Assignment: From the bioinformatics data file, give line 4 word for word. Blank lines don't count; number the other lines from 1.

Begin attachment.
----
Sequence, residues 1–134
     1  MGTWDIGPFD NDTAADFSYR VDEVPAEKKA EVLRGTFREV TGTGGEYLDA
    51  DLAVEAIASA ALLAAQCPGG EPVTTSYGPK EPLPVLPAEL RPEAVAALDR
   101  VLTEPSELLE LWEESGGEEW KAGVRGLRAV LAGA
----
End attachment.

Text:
   101  VLTEPSELLE LWEESGGEEW KAGVRGLRAV LAGA